CON-9-04-CO:R:C:E 222106 JR

District Director of Customs
1 Virginia Avenue
Wilmington, North Carolina 28401

RE: Request for Internal Advice (FILE ADM-9-DD, dated January 22, 1990); Temporary Importation Under Bond; 9813.00.05, HTSUS; Airline Seat Covers manufactured with imported customer-owned and specially woven dress fabric; C.S.D. 81-32

Dear Sir:

This is in response to your request for our advice on the Jepson Burns Corporation's desire to import temporarily free of duty under bond woven dress fabric to be made into airline seat covers under subheading 9813.00.05, Harmonized Tariff Schedule of the United States (HTSUS).

The Jepson Burns Corporation, a manufacturer of commercial aircraft seating, will be the importer of record of the customer- owned dress fabric which has been specially woven to the customer's (the foreign airline's) specifications. Jepson Burns cuts and sews the customer-furnished material into dress covers for the aircraft seating they manufacture. After the processing is completed, Jepson Burns either (1) exports the seating directly to the non-U.S. customer in order to be placed in aircraft abroad, i.e., by Airbus Industry, or (2) delivers the seating, as per the terms of its contract with the non-U.S. customer, to Boeing or McDonnell Douglas for installation in an aircraft which will be subsequently exported to the non-U.S. customer (Boeing and McDonnell Douglas have a separate manufacturing contract with the non-U.S. customer).

With respect to the second situation, Jepson Burns states that it obtains a certificate of export from Boeing or McDonnell Douglas which tracks the seats including the covers out of the country. See C.S.D. 81-32 (aircraft that departs from the U.S. empty or in revenue service is "exported" for purposes of cancelling a TIB). Of course, it is clear that the company relies on these third parties (Boeing or McDonnell Douglas) to export the seats within the time limitations of U.S. Note 1(a) to Chapter 98, Subchapter XIII, HTSUS, set out infra. The company states that any scraps of fabric left over after fabrication of the seat covers are retained for inspection and then destroyed, and we assume that they are destroyed as articles of commerce. See U.S. Note 2(b). The balance of the fabric is incorporated into the seats and either exported directly by them or subsequently when the aircraft is exported in compliance with the applicable law.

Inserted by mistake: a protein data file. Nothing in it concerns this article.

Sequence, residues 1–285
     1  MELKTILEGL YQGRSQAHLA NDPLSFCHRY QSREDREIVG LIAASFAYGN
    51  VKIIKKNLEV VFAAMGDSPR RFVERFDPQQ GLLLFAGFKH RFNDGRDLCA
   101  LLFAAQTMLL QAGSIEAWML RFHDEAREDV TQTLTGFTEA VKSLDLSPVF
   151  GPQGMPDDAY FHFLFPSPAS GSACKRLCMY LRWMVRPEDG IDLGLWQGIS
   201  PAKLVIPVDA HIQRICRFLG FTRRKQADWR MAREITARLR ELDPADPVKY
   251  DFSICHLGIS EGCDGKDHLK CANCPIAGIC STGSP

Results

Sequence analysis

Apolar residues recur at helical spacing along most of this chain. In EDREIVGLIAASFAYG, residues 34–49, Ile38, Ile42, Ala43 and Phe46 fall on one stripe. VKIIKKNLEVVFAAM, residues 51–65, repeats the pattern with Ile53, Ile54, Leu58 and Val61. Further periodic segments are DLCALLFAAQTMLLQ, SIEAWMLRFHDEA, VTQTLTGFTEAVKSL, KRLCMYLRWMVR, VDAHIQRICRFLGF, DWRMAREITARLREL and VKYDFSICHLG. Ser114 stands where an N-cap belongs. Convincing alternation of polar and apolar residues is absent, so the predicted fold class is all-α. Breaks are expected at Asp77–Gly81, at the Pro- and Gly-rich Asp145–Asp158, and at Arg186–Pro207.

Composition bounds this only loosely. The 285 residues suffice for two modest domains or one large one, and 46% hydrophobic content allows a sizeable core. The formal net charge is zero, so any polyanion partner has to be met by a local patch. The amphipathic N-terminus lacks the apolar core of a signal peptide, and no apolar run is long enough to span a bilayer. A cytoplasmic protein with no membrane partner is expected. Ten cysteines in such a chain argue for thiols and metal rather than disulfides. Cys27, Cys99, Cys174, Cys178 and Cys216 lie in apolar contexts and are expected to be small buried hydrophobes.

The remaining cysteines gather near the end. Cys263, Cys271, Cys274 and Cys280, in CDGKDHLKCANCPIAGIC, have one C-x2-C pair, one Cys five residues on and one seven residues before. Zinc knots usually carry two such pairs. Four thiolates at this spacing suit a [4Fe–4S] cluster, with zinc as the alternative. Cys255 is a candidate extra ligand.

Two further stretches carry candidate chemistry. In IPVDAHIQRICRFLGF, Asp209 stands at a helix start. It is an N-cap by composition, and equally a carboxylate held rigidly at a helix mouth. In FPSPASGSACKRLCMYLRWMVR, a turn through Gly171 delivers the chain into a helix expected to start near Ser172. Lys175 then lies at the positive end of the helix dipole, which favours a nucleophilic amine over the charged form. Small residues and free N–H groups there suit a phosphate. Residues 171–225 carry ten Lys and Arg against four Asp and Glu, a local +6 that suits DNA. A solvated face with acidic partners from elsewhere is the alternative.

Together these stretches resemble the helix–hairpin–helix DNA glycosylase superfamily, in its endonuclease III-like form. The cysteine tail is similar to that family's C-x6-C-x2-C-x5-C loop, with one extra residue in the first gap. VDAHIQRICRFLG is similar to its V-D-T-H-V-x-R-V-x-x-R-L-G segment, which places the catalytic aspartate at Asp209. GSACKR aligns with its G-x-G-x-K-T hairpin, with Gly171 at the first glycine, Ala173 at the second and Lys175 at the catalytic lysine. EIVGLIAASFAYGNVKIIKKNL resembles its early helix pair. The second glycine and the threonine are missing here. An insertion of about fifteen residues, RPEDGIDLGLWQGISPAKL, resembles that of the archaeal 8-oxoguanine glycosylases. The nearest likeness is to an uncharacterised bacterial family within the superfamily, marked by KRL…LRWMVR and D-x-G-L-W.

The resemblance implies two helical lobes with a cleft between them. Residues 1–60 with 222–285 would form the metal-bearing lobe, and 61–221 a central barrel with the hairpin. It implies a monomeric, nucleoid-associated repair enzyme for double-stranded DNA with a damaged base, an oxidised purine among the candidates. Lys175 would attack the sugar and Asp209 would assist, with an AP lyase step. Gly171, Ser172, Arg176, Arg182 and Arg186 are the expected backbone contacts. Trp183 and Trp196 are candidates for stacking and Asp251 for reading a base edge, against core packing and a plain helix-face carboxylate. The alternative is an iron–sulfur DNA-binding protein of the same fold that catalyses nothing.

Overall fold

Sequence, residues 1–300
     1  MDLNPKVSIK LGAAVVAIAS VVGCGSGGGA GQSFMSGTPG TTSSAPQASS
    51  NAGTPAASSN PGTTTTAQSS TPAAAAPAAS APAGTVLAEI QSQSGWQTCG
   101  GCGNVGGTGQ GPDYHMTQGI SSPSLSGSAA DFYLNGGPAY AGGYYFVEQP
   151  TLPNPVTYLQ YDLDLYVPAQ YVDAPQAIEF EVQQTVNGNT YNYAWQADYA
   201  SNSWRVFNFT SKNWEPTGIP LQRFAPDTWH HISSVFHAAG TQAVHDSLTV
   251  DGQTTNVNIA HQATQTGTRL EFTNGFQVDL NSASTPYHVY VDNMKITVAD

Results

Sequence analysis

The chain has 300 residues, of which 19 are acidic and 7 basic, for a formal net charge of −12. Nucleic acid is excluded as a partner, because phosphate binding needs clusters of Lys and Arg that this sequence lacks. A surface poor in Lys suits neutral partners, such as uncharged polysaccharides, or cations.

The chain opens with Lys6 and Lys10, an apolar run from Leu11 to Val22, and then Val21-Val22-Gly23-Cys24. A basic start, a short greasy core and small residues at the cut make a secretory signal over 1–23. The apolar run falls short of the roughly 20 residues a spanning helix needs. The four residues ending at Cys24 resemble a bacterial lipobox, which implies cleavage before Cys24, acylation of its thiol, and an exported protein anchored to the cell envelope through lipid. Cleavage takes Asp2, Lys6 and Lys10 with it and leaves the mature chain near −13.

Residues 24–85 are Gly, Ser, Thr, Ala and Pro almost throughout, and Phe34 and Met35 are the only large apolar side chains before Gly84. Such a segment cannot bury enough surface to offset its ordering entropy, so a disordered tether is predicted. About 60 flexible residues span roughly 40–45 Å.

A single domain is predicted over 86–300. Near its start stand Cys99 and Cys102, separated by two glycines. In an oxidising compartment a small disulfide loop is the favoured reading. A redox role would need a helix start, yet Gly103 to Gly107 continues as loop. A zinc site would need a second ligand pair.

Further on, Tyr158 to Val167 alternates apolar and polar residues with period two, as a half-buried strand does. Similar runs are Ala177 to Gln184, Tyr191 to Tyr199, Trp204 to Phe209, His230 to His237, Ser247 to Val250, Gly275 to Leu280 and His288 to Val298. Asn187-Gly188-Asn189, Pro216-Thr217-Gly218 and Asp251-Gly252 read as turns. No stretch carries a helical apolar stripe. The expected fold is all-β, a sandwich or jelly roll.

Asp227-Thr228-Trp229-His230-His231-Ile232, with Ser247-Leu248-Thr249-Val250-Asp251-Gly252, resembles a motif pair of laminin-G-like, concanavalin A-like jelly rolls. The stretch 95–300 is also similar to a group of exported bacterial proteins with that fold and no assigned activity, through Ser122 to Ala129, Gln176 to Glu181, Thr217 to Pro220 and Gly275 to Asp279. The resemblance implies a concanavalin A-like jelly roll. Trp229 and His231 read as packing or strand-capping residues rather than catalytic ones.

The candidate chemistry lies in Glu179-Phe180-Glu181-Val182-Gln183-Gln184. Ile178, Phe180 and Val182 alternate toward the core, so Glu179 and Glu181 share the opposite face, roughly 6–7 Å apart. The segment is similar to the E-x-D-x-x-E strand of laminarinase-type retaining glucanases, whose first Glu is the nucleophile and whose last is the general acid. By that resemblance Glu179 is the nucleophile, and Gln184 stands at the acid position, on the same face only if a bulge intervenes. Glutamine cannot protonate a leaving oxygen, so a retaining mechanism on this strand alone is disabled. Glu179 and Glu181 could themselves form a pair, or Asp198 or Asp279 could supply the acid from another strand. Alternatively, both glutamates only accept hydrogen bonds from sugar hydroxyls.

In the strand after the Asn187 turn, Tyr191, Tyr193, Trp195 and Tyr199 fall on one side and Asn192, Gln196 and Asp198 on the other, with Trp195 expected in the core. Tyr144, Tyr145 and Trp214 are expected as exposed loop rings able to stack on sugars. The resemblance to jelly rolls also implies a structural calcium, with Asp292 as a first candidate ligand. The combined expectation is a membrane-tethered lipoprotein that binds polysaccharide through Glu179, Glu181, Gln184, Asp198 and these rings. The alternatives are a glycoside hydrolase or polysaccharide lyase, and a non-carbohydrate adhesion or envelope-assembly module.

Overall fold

Your office is concerned that because the Jepson Burns Corporation sells the finished seats to the airlines who supplied the fabric at no cost, subheading 9813.00.05, HTSUS, would not apply.

Subheading 9813.00.05, HTSUS, provides for the importation into the United States temporarily free of duty under bond (TIB), of articles to be repaired, altered or processed (including processes which result in articles manufactured or produced in the United States). U.S. Note 1(a) to Chapter 98, Subchapter XIII, HTSUS, provides in part that merchandise imported under TIB procedures may not be imported for sale or sale on approval. Further, U.S. Note 1(a) allows the initial TIB period, one year from date of importation, to be extended, upon application to the district director, for one or more further periods which, when added to the initial one year, shall not exceed a total of three years.

We are of the opinion that the construction of seat covers from fabric furnished at no cost for incorporation into aircraft seats which are subsequently sold to the supplier of the fabric does not fall into the category of a sale which is impermissible under U.S. Note 1(a), Chapter 98, Subchapter XIII, HTSUS. From the facts presented, it appears that the Jepson Burns selling of the finished seats they manufacture to the non-U.S. customer does not amount to a sale of the seat covers since the company does not include the price of the fabric, the article which is imported and processed, into the finished seats. When Jepson Burns sells the finished seats to the foreign airline, it is not selling the seat covers which cover the seats but sells the actual seats themselves. The foreign airline pays only for the labor of the cutting and sewing of the fabric into seat covers and is not billed for the imported fabric as it was customer- furnished. We do not view this process of sewing the imported customer-owned fabric into seat covers as a sale.

In the instant case, Jepson Burns states that it maintains complete traceability of all the component parts that are installed in the seats as is required by the Federal Aviation Administration. As such, a particular tracking number or "sales order" number is provided to the customer-furnished fabric. Jepson Burns is able to trace the fabric to specific seats, thus maintaining controls over the fabric temporarily imported under bond.

Please note that the imported fabric may be subject to a quota. Any merchandise subject to a quota which has been filled cannot be released under a temporary importation bond. See T.D. 54802(53) and (54). If the quota is open, the merchandise may be entered under TIB procedures, but there will be a charge against the quota.

To summarize, Jepson Burn's cutting and sewing of airline seat covers with imported fabric provided by its customer is a process within the meaning of subheading 9813.00.05, HTSUS. As the imported fabric which is made into seat covers is not sold (there is a charge only for the cutting and sewing) but rather incorporated into the finished seats which are sold to the airline furnishing the fabric, there is no sale per se of the seat covers manufactured from the imported fabric furnished by the customer carrier.


Jerry Laderberg, Acting Director
Commercial Rulings Division